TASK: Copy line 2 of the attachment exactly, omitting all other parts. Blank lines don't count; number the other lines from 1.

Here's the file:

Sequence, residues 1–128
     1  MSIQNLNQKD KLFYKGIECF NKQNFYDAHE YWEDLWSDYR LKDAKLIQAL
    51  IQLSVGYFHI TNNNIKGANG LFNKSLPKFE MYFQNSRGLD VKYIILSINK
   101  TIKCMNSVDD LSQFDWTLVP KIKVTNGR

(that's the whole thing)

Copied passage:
     1  MSIQNLNQKD KLFYKGIECF NKQNFYDAHE YWEDLWSDYR LKDAKLIQAL